(This particular story seems to have slipped under the media spotlight—so I’d love a signal boost on it.)
The Tea Party has resorted to voter intimidation in Worcester, Massachusetts. This happened at a Democratic Primary a week ago—though speculation is that it was a warm up for the November election. Voter intimidation is a simple and nasty trick. You just need to find the people on the margins and do something to make voting a bit scarier.
Here’s how the Tea Party group did it in Worcester:
This is all, of course, illegal.
There’s really no dispute about why the Tea Party spin-off Activate Worcester is doing this. As the organizer of this effort wrote, “Worcester has just registered at least 3,000 new voters thanks to the Voter Participation Center and the Secretary of State — these are welfare recipients and disenfranchised people.”
uncommonsenseblog writes that he thinks Scott Brown is polling neck and neck with Elizabeth Warren …
… mainly due to her being a terrible candidate (I always say she’s like Coakley minus the charisma, credentials, and credibility) overall, her off putting personality (as demonstrated in her shrill and angry delivery of her anti-capitalist remarks in this video), and the controversy over her ancestry …
It seems you’ve outlined three reasons for opposition to Elizabeth Warren’s candidacy.
I’m a bit concerned about each of these. First, if one of Harvard’s better-known law professors, the chairman of the TARP oversight panel, one of the more influential women in the world, and the Special Assistant to the President on the CFPB doesn’t have “credentials or credibility,” it’s not clear who would.
Second, “shrill”? So … Warren’s voice really isn’t high-pitched and whistle-like. So I assume you mean “shrill” in the way that the word is traditionally used to attack female politicians. As in “characteristic of those noises women make when I’m trying to ignore them.” Not cool.
Third, “controversial ancestry.” The concern is that Elizabeth Warren has been listed, in some cases, as having Cherokee ancestry. Upon investigation, it appears she would need to go back about five generations—and things get pretty murky there. To a lot of conservatives, this seems to suggest that Warren was a “diversity hire.” Or, to put it slightly differently, “not a white man and therefore presumptively unqualified, despite the mountain of obvious qualifications.” Not cool.1
Of course, that’s only half the concern with the “ancestry.” The other half is that it gives guys like Austin a chance to talk about “Fauxcahontas” because to them any mention of Native American people invokes a Disney Princess and is really just a laugh line. This too is not cool.
So what else have you got? I’d love to debate Warren and Brown’s relative qualifications. But could you start out with something reasonably relevant and not rooted in sexist or racist stereotypes? Bring it.
If you’re genuinely concerned that Harvard might be padding its diversity statistics to make itself look more diverse than it actually is, that’s an issue worth discussing. But the people harping on this story aren’t really concerned about whether Harvard is gaming its diversity numbers. ↩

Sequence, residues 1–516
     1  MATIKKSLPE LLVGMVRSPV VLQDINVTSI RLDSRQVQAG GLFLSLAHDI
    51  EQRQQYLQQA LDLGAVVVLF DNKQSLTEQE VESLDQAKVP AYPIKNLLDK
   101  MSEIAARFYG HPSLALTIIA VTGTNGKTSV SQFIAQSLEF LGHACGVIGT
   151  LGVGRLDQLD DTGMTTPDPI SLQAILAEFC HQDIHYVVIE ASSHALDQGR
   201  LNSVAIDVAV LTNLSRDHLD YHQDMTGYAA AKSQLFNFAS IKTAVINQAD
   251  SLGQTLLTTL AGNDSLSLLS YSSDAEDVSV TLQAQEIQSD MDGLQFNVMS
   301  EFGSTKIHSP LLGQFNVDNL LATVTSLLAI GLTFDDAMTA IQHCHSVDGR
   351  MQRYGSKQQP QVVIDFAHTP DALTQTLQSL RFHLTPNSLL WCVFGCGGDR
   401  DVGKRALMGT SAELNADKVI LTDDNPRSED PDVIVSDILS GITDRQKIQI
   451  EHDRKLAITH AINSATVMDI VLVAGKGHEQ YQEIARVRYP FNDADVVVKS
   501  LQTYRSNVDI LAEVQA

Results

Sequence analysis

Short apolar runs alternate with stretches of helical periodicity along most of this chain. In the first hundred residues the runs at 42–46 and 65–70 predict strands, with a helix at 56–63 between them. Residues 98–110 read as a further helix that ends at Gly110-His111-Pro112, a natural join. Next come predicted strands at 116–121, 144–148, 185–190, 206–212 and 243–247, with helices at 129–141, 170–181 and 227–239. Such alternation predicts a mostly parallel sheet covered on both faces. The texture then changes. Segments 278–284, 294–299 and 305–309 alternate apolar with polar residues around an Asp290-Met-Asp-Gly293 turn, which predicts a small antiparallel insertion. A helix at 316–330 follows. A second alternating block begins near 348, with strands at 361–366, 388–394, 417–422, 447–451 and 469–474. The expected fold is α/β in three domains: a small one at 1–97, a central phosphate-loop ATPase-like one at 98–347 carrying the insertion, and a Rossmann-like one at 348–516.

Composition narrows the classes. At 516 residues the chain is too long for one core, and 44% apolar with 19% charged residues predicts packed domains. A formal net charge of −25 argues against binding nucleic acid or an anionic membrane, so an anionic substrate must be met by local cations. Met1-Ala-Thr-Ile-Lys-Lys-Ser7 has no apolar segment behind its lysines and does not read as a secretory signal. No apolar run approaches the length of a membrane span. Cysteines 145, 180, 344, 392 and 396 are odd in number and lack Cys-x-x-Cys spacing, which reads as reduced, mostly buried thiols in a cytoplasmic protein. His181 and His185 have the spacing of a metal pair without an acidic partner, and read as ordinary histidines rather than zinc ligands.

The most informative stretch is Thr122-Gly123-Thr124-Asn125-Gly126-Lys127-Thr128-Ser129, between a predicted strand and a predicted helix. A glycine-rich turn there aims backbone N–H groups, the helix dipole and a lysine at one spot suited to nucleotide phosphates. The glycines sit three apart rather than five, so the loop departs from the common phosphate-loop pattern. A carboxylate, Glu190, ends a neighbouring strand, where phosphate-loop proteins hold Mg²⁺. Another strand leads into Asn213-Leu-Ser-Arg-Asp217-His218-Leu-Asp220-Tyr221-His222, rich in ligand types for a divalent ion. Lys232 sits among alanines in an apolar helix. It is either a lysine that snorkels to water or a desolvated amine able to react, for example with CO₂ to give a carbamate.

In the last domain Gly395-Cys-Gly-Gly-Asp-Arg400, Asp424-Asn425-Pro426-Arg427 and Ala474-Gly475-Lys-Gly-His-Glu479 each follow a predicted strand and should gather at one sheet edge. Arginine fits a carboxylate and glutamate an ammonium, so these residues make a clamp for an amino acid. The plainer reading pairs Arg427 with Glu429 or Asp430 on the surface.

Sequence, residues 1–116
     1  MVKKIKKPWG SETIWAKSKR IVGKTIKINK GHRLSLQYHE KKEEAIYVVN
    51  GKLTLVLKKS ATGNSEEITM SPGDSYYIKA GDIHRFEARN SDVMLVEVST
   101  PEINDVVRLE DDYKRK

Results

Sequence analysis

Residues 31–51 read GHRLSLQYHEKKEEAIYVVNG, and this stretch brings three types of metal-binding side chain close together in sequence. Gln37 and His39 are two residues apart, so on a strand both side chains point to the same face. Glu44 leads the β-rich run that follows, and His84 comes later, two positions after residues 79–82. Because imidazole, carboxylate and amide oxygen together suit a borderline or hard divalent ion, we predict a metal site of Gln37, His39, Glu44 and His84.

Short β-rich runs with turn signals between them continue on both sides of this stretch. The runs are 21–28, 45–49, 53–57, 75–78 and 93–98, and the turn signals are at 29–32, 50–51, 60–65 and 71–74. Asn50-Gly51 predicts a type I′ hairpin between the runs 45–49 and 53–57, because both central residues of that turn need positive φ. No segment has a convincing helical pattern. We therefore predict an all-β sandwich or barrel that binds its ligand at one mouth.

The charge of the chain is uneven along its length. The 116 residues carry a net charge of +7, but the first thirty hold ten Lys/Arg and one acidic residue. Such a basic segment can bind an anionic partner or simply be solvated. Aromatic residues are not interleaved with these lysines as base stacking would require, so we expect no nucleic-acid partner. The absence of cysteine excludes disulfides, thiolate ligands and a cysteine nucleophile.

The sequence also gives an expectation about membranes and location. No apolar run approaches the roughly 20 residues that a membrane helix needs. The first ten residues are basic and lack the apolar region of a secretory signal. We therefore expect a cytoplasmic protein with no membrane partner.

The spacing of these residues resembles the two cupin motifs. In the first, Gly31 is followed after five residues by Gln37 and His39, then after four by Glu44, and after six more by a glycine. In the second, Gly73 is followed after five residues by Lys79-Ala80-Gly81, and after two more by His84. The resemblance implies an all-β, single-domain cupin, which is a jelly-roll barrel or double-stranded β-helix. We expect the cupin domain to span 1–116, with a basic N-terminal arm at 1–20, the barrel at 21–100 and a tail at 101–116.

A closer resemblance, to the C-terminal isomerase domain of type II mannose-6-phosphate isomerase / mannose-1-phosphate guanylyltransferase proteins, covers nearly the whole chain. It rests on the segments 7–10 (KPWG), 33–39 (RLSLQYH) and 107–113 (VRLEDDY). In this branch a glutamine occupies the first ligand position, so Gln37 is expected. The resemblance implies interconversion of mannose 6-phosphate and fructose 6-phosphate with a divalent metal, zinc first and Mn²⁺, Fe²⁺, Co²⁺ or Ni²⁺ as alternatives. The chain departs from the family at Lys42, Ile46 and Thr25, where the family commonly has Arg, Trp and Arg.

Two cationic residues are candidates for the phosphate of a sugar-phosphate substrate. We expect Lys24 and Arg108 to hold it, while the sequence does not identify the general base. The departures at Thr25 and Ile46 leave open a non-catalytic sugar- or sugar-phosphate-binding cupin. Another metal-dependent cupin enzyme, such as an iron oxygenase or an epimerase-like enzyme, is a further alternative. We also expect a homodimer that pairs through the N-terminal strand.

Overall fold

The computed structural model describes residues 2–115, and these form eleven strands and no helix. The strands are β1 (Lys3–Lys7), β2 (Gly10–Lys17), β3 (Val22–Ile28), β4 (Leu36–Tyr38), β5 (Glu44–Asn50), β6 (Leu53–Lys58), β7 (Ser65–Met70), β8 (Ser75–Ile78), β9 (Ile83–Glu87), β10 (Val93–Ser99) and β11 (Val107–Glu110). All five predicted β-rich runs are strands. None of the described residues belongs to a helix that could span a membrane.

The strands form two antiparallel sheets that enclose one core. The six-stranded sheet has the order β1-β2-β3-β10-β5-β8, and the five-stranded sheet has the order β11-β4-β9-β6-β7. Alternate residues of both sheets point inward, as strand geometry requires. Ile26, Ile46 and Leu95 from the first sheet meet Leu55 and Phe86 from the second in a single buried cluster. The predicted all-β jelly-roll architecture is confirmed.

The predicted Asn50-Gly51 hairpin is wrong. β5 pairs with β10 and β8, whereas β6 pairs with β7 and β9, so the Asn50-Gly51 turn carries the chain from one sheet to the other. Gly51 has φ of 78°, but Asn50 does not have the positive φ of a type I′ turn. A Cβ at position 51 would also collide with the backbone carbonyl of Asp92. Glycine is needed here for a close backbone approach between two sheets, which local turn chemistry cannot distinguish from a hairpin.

I was amazed by how ambivalent the article was. It’s sort of a misfired madlib. I has all the usual, generic stuff Republicans say about every Democratic candidate. (Her election would be a disaster. She’s radical.) But the writer, Kevin Williamson, was supposed to put the where specific negatives should have been inserted mostly talk about how intelligent and accomplished Warren is. The worst the Williamson managed to say was that she didn’t fit in very well in South Boston on St. Patrick’s day as she’s not particularly prone to ribald humor and heavy drinking.
It’s like Wiliamson got the template:
Democratic candidate NAME would be a disaster because Democrats are Occupy Wall Street communists and this candidate embodies communist flaws by being NEGATIVE ADJECTIVE, NEGATIVE PERSONAL DETAIL_, and MASSIVE CHARACTER FLAW. All right thinking people should vote for the Republican, NAME, who is ADJECTIVE.
He filled it out something like this:
Democratic candidate Elizabeth Warren would be a disaster because Democrats are communists and this candidate embodies communist flaws so smart, honestly kind of pretty_, and not a very heavy drinker. All right thinking people should vote for the Republican, Scott Brown, who is mostly a Republican.
Williamson only cites specific proposals of Warrens where he considers them pretty reasonable. Most of the article is spent discussing supposed personal or political failings that Williamson clearly doesn’t consider actual failings to suggest that she is “out of touch.” Or at least “out of touch with South Boston on St. Patrick’s day.” She is “smart,” “tough,” “principled.” I’ve been a huge fan of Elizabeth Warren since long before her candidacy was announced. But even I could write a more persuasive critique.
Tip to the National Review: Even if you’ve already commissioned the drawing of Elizabeth Warren with a hand drum, a bunch of tents, and a vacant expression and are proud of your headline, “The Occupy Candidate,” you can still spike the article. Every once in a while, we try to write something that just doesn’t come together. Let it stew in the drafts folder for a few months.
If elected, I would like to focus on passing ‘Right to Work’ legislation, increasing the FTE threshold, requiring Massachusetts citizens to show ID to vote, pushing for merit-based pay for teachers, and increasing the number of charter schools in the district and across the Commonwealth
#mapoli #schultz2012 #massgop #beaconhillpriorities
Why would Massachusetts want any of these things? (I’m not trolling—I’m completely serious. Why would you run for office in Massachusetts on a platform of policies so unsuitable for the state?)